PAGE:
The first whistleblower wrote a personal memo after learning information from a White House official about the controversial phone call between President Trump and Ukrainan President Volodymyr Zelenskiy.

The two-page memo, reported by Fox News on Monday, Oct. 7, was written with more dramatic language than the Aug. 12 whistleblower complaint. The White House official who gave the information to the whistleblower allegedly characterized the call as “crazy,” “frightening,” and “completely lacking in substance related to national security,” according to the memo.

The whistleblower claimed, “The president did not raise security assistance” during his call with Zelenskiy, which was central of allegations in the Aug. 12 whistleblower complaint about a quid pro quo.

The memo also stated that the “standard practice” was for the “White House Situation Room to produce a word-for-word transcript that memorializes the call,” which contradicted criticism that the transcript released by the White House was notes or a cover-up.

The whistleblower, who noted that the conversation with the White House official “only lasted a few minutes, and as a result, I only received highlights,” also claimed Zelensky “reluctantly” agreed to meet attorney Rudy Giuliani when President Trump asked him to do so.

However, in the transcript, the Ukrainian leader brought up Giuliani first and said, “We are hoping very much that Mr. Giuliani will be able to travel to Ukraine and we will meet one he comes to Ukraine.”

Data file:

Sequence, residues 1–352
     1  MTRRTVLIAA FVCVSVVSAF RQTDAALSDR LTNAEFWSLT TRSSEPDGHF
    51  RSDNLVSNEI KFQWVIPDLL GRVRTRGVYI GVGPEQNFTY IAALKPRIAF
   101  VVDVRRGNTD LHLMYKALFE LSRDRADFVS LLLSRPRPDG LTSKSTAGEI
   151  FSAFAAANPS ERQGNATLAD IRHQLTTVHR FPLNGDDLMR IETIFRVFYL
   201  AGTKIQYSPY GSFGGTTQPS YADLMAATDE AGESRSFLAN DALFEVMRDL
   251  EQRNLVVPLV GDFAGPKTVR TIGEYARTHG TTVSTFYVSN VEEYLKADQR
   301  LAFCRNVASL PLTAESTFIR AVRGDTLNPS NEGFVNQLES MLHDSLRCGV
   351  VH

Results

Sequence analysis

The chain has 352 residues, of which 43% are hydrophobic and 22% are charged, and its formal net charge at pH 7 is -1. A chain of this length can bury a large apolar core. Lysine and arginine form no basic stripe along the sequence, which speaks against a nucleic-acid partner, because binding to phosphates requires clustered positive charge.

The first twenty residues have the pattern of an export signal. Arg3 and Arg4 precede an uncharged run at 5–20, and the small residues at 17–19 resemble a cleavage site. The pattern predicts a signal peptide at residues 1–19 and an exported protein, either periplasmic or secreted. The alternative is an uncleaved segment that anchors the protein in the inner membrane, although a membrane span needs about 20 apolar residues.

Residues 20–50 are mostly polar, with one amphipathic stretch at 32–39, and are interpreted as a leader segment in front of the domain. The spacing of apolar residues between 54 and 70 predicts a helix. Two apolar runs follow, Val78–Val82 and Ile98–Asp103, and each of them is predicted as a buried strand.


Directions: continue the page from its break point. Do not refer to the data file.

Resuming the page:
The complaint alleged President Trump was “using the power of this office to solicit interference from a foreign country” in the 2020 election, triggering the impeachment inquiry being led by House Democrats. President Trump said he said nothing wrong in his “perfect” call with Ukrainian president who later confirmed that he felt no pressure during the call.

The thorough complaint, which was a detailed nine-page document including an appendix, was filed nearly three weeks later with the intelligence community inspector general (ICIG). In testimony to House lawmakers last Friday, ICIG Michael Atkinson could not explain what accounted for the 18-day window between the July 25 call and the Aug. 12 complaint.

National Security Council Chief of Staff Fred Fleitz, who has “edited and processed dozens” of “presidential phone calls,” believes that the whistleblower complaint was written with help from congressional staffers and attorneys.

“Such extremely polished whistleblowing complaint is unheard of,” Fleitz said. “This document looks as if this leaker had outside help, possibly from congressional members of staff.”

House Intelligence Committee Chairman Adam Schiff’s office acknowledged that the whistleblower contacted an aid on the House regarding concerns that were later put in the complaint.

The whistleblower’s attorneys, who maintain the whistleblower did not receive assistance from outside in writing the complaint, will represent a second whistleblower. The legal team claimed that the second whistleblower has firsthand knowledge of the information detailed in the first whistleblower’s complaint.